I found it interesting but sad that your article on the genetics of schizophrenia (“Probing Psychoses,” July-August, page 40) provided such a good example of the “class cluelessness” discussed elsewhere in the issue (page 60). With no disrespect to the young man the author chose as an example of a person with schizophrenia, he is a best-case scenario in that he has good physical health, the ability to research and advocate for himself, a supportive family, and the option to live with that family in what appears to be stable middle-class housing. He in no way (other than diagnosis) resembles the clients in an inner-city partial-hospital program I worked with for some years. These clients often faced multiple challenges in addition to their psychiatric diagnosis. Among these were multiple medical conditions including tuberculosis and HIV infection, as well as the more common hypertension and diabetes—the latter two often related to the significant weight gain associated with the newer types of psychotropic medications. Other challenges were coexisting substance abuse, legal concerns, lack of social supports, and inadequate or even abusive housing in poorly run group homes.
There is absolutely no glamor or prestige in working with people with schizophrenia, but even with our incomplete current understanding, they can be tangibly helped. For a fraction of the nearly one billion dollars already allocated to the arcane genetic and cellular research described in the article, many people could be helped in a matter of weeks or months rather than the “decades” (if ever) before the research yields usable outcomes. It is already well known that social conditions have a very real impact on the overall functioning of people with schizophrenia.
The creation of an exemplary direct-care program could provide substantial benefits to clients, especially in this time of cutbacks in public funding. It saddens me that the Stanley Center has not included a direct-care component to its costly and prestigious research activities and that the author of the article doesn’t even consider such an option. Lack of advocacy for those unlike “us” is part of what “class cluelessness” is about.
Jill Becker, M.A.T. ’65
Licensed professional counselor
Editor’s note:The article was not on schizophrenia care overall, but merely on this aspect of the research. If that research does prove fruitful over time—and obviously, the people pursuing it very much hope it will; Steven Hyman was director of the National Institute of Mental Health—that will alleviate a lot of suffering. Society should pursue both research and care, and an article focused on the former was not a commentary on the latter.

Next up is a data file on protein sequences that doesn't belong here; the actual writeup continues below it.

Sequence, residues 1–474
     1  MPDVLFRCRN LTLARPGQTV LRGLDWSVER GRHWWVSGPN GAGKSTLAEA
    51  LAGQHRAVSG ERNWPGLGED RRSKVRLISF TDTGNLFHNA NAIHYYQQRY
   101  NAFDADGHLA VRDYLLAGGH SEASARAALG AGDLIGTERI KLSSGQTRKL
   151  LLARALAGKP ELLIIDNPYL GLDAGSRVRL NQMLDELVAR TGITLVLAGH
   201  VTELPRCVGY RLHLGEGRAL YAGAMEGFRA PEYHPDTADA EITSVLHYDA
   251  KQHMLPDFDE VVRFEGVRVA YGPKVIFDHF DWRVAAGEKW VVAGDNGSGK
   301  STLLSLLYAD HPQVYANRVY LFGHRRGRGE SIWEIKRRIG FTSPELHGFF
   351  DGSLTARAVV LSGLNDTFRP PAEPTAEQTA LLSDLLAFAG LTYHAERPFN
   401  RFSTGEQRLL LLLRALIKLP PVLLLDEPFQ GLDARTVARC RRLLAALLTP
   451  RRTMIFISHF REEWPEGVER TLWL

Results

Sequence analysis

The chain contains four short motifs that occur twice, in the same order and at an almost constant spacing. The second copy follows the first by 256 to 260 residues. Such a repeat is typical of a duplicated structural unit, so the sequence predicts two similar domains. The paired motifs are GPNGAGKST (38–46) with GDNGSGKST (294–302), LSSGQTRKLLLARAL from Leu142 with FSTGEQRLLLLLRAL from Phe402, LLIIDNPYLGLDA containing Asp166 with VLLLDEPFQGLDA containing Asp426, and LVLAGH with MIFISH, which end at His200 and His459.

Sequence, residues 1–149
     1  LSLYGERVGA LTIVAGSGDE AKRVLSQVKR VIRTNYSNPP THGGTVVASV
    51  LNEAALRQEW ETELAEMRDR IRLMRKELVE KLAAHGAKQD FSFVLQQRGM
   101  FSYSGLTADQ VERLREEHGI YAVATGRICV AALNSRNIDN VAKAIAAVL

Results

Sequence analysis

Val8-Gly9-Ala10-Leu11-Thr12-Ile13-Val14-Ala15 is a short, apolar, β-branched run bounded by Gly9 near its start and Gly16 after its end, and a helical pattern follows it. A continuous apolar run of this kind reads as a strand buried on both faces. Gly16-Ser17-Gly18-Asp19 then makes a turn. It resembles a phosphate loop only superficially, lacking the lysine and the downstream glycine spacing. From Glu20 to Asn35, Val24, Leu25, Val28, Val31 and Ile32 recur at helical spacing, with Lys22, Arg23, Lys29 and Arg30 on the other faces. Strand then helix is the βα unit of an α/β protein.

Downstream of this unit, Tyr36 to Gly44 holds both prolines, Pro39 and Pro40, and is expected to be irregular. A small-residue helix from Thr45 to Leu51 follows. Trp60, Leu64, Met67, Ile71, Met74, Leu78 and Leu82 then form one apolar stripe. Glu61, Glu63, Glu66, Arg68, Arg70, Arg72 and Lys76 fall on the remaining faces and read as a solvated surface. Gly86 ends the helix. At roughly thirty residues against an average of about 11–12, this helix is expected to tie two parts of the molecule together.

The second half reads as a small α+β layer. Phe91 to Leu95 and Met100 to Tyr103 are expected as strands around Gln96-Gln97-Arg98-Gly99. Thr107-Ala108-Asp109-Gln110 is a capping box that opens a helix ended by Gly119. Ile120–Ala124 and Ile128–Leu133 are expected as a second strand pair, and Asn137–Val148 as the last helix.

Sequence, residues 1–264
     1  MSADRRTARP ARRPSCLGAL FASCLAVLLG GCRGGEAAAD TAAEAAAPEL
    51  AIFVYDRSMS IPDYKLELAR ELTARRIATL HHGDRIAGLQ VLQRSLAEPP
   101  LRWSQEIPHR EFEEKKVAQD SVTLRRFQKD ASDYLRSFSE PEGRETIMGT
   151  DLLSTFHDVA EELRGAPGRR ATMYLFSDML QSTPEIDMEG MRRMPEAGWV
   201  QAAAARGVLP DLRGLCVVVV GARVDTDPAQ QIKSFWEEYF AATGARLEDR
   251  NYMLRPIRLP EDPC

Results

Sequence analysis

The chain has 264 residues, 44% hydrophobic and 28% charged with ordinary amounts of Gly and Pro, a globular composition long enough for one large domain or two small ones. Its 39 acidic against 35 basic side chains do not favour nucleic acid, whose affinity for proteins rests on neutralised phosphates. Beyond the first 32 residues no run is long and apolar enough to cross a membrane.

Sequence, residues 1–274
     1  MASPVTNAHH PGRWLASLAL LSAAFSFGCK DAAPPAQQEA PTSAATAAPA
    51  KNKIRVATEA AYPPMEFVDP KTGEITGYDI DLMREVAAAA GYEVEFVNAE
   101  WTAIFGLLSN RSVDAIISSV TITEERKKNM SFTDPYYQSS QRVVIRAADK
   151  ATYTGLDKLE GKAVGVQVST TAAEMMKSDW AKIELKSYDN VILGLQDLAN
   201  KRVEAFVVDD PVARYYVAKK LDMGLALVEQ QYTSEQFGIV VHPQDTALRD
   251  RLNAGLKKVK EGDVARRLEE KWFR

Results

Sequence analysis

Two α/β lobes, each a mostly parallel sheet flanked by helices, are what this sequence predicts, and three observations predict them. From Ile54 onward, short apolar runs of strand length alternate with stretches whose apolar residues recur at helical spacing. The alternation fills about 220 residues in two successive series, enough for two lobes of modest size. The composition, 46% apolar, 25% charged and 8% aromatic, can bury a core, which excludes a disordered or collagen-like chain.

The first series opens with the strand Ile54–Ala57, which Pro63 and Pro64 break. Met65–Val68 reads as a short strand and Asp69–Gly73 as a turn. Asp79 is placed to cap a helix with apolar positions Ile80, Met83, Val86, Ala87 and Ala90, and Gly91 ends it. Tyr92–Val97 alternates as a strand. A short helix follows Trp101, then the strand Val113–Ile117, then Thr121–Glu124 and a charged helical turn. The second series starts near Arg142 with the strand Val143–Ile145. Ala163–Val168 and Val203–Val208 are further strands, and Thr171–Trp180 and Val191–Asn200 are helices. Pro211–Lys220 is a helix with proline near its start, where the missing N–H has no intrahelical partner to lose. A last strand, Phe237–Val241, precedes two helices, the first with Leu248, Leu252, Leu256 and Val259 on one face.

The Philosophy Chamber
I just encountered your article on “The Lost Museum” (by Jonathan Shaw, May-June, page 42). Fascinating story! I thought, perchance, you might be interested in an episode in 1817 pertaining to the Museum/Philosophy Chamber.
Sampson Reed [A.B. 1818], in his Biographical Sketch of Thomas Worcester, D. D., relates a story, or quotes an account by Worcester himself, which tells of a visit to that room:
Mr. Hill, of whom I have already spoken, is said to have had great hopes of Harvard University. Following the example of Swedenborg, he presented to the college library a set of the original edition in Latin of the Arcana Coelestia, and perhaps some few of the other works. Mr. Worcester had heard that these works were in the library and went to obtain them. His experience was so remarkable that I give it in his own words:
“Upon my return to college, after I had begun to read Swedenborg, I went to the library the second time to see if I could find any of his works. The librarian looked into the catalogue again, and found the alcove and shelves where they ought to have been; but they were not there. Then we began a thorough search. We looked through the whole library, in place and out of place, but could not find them. Then we began to think of other rooms. At that time the library was in the second story of the west end of Harvard Hall. In the east end was a large room, called the ‘Philosophical Room.’ And between this room and the library was a small room, which for the want of a proper name was called the ‘Museum.’ It was filled with rubbish, old curiosities, cast off, superseded, and obsolete philosophical apparatus, and so forth, all covered with dust. We could see no reason for hunting here, except that we had hunted everywhere else, without finding what we wanted.